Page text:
EL PASO ELECTRIC COMPANY v. NATIONAL LABOR RELATIONS BOARD

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United States Court of Appeals,Fifth Circuit.

EL PASO ELECTRIC COMPANY, Petitioner Cross–Respondent, v. NATIONAL LABOR RELATIONS BOARD, Respondent Cross–Petitioner.

No. 10–60771.

-- May 18, 2012

Before DENNIS, CLEMENT and HIGGINSON, Circuit Judges. Dan C. Dargene (argued), Ogletree Deakins, P.C., Dallas, TX, for Petitioner Cross–Respondent. Linda Dreeben, Deputy Assoc. Gen. Counsel, Heather Stacy Beard (argued), Richard Alan Cohen, Sr. Atty., Jill A. Griffin, Supervisory Atty., National Labor Relations Board, Appellate Court Branch, Washington, DC, Cornele A. Overstreet, National Labor Relations Board, Phoenix, AZ, for Respondent Cross–Petitioner.

The issue before us is whether there is sufficient evidence to support the findings by the Respondent, the National Labor Relations Board (the “General Counsel”),1 that the Petitioner, El Paso Electric Company (“EPE”), engaged in unfair labor practices prohibited by the National Labor Relations Act (the “NLRA”).

EPE contends that the record does not support the Board's findings. First, it is settled law that this court “do[es] not make credibility determinations or reweigh the evidence” when reviewing the Board's decisions. NLRB v. Allied Aviation Fueling of Dallas LP, 490 F.3d 374, 378 (5th Cir.2007) (citing NLRB v. Cal–Maine Farms, Inc., 998 F.2d 1336, 1339–40 (5th Cir.1993)). Second, EPE acknowledged in oral argument that its denial of unfair labor practices is properly considered in the context of EPE's other admitted and historically established violations. See, e.g. NLRB v. Citizens Hotel, 326 F.2d 501, 506 (5th Cir.1964) (“[P]rior violations may have relevance on motivation.”); NLRB v. J.P. Stevens & Co., Inc., Gulistan Division, 538 F.2d 1152, 1163 (5th Cir.1976) (“When a company has historically evinced disdain for employees' rights and the Congressional mandate, its prior history is relevant to the question of a de minimis failure to bargain.” (citations omitted)). Third, it is undisputed that the specific process leading to the factual findings EPE contests included a ten-day hearing, 1831 pages of witness testimony, and volumes of exhibit testimony weighed firsthand by the administrative law judge (the “ALJ”) and thereafter reviewed by the Board, which, in turn, unanimously found the instant violations. El Paso Electric Co. & Int'l Bhd. of Elec. Workers, Local Union 960, 355 NLRB No. 71 (2010). Notably, at the same time, the Board reversed two of the ALJ's findings, remanded a third issue for additional fact-finding, and particularized five other findings which it chose not to reach or for which it adopted only part of the ALJ's reasoning. Id. at *1 & n. 3. The fact finder separately set forth fifteen unfair labor practice findings that EPE does not dispute.2 Finally, it should be kept in mind that the crux of the Board's holding is not that EPE is prohibited from implementing workplace changes and disciplining employees based on those changes, but only that it is prohibited from doing so unilaterally, without conferring with the Union. We affirm.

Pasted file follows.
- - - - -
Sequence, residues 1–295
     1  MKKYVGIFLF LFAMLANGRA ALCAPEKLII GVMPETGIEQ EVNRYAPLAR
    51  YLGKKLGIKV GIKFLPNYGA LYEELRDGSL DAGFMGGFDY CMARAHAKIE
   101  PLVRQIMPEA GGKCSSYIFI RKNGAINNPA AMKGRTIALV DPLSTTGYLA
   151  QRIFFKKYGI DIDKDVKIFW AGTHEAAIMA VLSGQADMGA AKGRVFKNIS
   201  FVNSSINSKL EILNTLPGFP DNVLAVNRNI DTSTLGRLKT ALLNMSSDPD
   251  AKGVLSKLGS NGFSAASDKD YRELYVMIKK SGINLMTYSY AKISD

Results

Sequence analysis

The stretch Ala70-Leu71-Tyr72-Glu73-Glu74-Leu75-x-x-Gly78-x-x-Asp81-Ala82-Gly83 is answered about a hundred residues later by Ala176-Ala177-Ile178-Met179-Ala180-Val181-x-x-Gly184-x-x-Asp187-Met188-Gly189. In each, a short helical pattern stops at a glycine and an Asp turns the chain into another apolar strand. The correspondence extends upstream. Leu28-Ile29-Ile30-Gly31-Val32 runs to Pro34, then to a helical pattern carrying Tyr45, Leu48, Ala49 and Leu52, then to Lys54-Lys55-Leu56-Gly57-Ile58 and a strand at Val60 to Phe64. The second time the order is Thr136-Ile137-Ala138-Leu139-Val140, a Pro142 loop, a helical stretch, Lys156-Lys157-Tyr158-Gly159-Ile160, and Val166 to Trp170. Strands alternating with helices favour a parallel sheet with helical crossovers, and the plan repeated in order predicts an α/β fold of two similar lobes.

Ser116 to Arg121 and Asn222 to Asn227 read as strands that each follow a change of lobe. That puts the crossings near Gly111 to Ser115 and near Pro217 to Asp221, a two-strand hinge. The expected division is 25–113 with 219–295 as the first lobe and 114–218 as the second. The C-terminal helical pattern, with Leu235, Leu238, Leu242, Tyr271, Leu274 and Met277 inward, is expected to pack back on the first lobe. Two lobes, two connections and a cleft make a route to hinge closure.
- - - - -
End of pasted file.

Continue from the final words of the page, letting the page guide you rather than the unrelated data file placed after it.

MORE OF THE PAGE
I. Factual Background

EPE is an electric utility that generates and distributes electricity to customers in western Texas and southern New Mexico. The International Brotherhood of Electrical Workers, Local 960 (the “Union”) has represented EPE's linemen and other operational employees for almost seventy years. EPE's meter readers/collectors (“meter readers”) joined the Union in 2003, and EPE's call center customer service representatives (“CSRs”) joined in 2004.

EPE has a long and somewhat rocky history dealing with its unionized workforce. On February 2, 2002, the Union filed a number of charges alleging that EPE had violated § 8(a)(1), (3), (4), and (5) of the NLRA in response to the Union's successful organizational efforts to add employee groups to the bargaining unit. The charges were consolidated and collectively tried before an ALJ in August and September 2006. The ALJ issued his decision on March 1, 2007. EPE appealed the ALJ's decision to the Board by filing exceptions to certain findings while the Union filed cross-exceptions. The Board issued its Decision and Order on August 10, 2010. El Paso Electric Co., 355 NLRB No. 71.